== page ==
Historically, a barangay is a relatively small community of around 50 to 100 families. Most villages have only thirty to one hundred houses and the population varies from one hundred to five hundred persons. According to Legazpi, he found communities with twenty to thirty people only. Many coastal villages in the Visayan region consisted of no more than eight to ten houses. The word itself is derived from an ancient Malay boat called a balangay. It is commonly believed that in pre-colonial Philippines, each original coastal “barangay” formed as a result of settlers arriving by boat from other places in Southeast Asia.
Most communities were coastal or riverine in nature. This is because the principal sources of protein come from the seas and rivers, most of the people relying more on fishing for supply of food. Also, people travelled mostly by water. The movement of the population was up and down rivers and along the coasts, trails always followed river systems. Rivers were also a major souce of water for bathing, washing, and drinking. Moreover, coastal villages are more accessible to traders where an economic activity is developed. Business with traders meant contact with other cultures and civilizations like the Chinese, Indian, and Arabian. Thus, the coastal communities in Manila, Cebu, Jolo, and Butuan attained a higher cultural level.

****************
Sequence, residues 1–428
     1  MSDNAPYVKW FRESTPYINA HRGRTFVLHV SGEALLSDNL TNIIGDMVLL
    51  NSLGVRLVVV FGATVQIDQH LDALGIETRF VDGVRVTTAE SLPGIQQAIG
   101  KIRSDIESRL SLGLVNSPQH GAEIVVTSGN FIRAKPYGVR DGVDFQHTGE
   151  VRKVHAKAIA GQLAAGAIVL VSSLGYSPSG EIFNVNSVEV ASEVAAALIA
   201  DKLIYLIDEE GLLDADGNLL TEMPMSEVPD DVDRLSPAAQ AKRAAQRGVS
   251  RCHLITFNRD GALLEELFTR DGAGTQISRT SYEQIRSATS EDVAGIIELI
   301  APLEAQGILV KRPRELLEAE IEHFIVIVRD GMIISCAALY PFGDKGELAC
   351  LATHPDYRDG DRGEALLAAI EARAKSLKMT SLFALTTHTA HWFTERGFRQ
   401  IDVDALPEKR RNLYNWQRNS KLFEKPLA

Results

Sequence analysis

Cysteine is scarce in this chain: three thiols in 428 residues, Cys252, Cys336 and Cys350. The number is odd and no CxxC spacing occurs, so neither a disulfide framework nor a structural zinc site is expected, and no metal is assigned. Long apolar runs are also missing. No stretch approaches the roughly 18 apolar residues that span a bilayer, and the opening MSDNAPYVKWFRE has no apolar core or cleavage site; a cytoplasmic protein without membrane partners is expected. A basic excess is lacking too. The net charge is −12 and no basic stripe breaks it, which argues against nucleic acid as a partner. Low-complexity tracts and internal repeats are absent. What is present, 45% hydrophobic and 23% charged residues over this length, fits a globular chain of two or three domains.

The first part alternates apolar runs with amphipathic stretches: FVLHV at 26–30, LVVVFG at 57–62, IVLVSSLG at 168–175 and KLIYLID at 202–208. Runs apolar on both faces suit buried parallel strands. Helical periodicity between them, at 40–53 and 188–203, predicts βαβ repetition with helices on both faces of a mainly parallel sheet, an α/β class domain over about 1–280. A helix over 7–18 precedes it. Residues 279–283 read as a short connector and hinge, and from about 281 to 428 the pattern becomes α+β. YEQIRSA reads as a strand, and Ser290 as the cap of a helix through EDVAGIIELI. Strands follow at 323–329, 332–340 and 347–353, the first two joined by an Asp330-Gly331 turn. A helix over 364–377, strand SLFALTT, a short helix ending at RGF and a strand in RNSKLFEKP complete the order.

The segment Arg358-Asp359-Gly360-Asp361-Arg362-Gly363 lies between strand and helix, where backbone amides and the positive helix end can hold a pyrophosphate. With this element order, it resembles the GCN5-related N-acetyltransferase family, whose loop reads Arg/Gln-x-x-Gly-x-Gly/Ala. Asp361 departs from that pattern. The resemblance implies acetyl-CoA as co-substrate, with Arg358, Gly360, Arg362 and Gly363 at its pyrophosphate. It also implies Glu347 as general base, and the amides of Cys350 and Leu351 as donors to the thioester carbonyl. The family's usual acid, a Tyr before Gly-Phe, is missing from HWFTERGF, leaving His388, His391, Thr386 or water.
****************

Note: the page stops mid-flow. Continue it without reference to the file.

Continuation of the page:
References[edit | edit source]
- Constantino, Renato. (1975) The Philippines: A Past Revisited (volume 1). ISBN 971-8958-00-2